Health care system growth slowed to an annual rate of 0.3% in 2017, a sharp decline from the previous two years, according to a report released Tuesday.
In contrast, the health care sector added more than 3.2 million jobs during the same period.
The report comes as the economy and the health sector are in flux.
The economy has slowed, and health systems have been struggling to attract new patients and pay their bills.
Many hospitals and clinics have shuttered or have been forced to raise wages.
But the report said the trend has reversed since the Affordable Care Act was passed in 2010, when health systems were more dependent on private health insurance.
That law has also reduced the number of people on Medicaid and expanded insurance to cover more people.
Overall, the U.”s.
health care system grew by 2.3%, or 0.1%, in 2017.
This year’s report from the American Health Care Association shows that the nation is projected to have about $2.3 trillion in health care debt, or about a third of gross domestic product, in 2027, according the analysis by the Kaiser Family Foundation.
It said health care systems in some states, including those in the South and Midwest, have not recovered from the recession.
Some are struggling to recover and are struggling with rising costs, such as in Texas, where some clinics have been unable to stay open.
The South Carolina Health Department said it has received about $1.8 billion in federal funding for the next fiscal year.
The state is expected to use nearly $400 million in it to help its largest hospitals and health care providers.
The Southern Poverty Law Center, a civil rights group, said that while some clinics and hospitals were shuttered in 2016, others have continued operating.
The center cited the closures of several health care facilities in the state.
The group has also filed lawsuits to force the closure of some clinics in Tennessee, Louisiana and Missouri.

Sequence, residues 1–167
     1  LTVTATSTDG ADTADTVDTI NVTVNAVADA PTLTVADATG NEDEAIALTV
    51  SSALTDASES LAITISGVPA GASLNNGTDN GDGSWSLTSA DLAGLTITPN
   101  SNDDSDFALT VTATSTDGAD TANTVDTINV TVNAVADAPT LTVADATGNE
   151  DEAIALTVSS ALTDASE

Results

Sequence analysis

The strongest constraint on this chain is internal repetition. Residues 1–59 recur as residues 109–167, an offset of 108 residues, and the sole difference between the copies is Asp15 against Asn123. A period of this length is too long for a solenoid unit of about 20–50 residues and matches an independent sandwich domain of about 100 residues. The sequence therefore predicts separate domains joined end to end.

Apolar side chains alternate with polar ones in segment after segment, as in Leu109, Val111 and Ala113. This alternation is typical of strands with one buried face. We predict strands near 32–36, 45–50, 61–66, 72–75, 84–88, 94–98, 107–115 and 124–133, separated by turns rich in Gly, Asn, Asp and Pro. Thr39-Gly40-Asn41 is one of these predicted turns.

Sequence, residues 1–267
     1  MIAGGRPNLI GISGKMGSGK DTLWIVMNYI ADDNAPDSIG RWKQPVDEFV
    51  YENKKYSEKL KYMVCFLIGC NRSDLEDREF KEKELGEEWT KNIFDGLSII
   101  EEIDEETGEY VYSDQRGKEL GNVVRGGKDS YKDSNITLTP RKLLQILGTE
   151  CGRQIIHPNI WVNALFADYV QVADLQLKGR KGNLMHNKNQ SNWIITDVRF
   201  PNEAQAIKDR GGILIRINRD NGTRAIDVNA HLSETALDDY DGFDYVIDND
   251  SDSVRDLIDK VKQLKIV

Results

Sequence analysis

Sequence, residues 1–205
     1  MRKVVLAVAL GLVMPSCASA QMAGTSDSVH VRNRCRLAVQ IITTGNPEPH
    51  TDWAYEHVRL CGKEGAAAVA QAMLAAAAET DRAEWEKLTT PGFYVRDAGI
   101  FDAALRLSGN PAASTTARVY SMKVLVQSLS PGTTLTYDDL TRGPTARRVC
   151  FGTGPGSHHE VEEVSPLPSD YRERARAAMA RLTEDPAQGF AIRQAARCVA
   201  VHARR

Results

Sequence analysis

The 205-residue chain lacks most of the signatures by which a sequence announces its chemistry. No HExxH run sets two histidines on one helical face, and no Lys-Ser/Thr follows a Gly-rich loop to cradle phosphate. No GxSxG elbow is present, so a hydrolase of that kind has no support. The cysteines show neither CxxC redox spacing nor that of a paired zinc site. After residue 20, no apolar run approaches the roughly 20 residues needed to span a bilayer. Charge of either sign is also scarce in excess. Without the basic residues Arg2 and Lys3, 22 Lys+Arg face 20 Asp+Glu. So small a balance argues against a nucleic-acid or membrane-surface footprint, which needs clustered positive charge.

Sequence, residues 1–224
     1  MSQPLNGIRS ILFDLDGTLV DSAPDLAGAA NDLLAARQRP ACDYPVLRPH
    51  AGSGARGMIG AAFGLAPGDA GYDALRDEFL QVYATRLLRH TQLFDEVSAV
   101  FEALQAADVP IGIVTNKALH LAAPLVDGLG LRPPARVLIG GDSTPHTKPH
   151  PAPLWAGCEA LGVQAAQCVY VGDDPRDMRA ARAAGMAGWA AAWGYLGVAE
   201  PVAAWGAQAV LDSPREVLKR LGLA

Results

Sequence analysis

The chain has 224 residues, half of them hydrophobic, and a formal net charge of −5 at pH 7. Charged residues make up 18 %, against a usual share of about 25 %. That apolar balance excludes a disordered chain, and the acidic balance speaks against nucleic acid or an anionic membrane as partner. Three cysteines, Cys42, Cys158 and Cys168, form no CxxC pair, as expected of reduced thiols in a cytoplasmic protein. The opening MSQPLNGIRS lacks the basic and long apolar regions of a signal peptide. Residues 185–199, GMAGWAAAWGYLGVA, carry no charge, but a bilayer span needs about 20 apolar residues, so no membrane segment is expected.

In Alabama, where several clinics closed this year, Gov.
Robert Bentley ordered the closure on Jan. 1, 2017.
A state official said that Alabama Health Services, the state health care agency, will close two clinics in the Jackson, Ala., area, citing the recession that was hitting Alabama.
Bentley’s order was not immediately released.
It is unclear what caused the closures, but some of the clinics have reopened since then.
In 2016, the federal government paid $4.3 billion to help the states that closed clinics.
In addition to Alabama, several other states have filed lawsuits.
Some of the states are in Texas and Florida.
In Texas, the Legislature approved a $1 billion bond that was due to be repaid on March 9, but the money did not arrive until Sept. 1.
The bill was paid off by then, but a judge on Sept. 18 ordered that money not be used until Sept, 30.
The Legislature passed a law this year that requires all health care centers to close on Sundays.
It also requires clinics and doctors to provide health insurance to all patients regardless of whether they qualify for Medicaid or private health plans.
Texas Health Resources and Services Commission Chairman Paul Sperry said that the commission’s goal is to ensure that the state’s health care agencies can maintain a level playing field for patients and providers.
Sperri said the law does not apply to hospitals and doctors, who are covered under the federal health care law.
Sporri said that if clinics and physicians are forced to close because of a budget crisis, they should be able to operate, just like any other facility.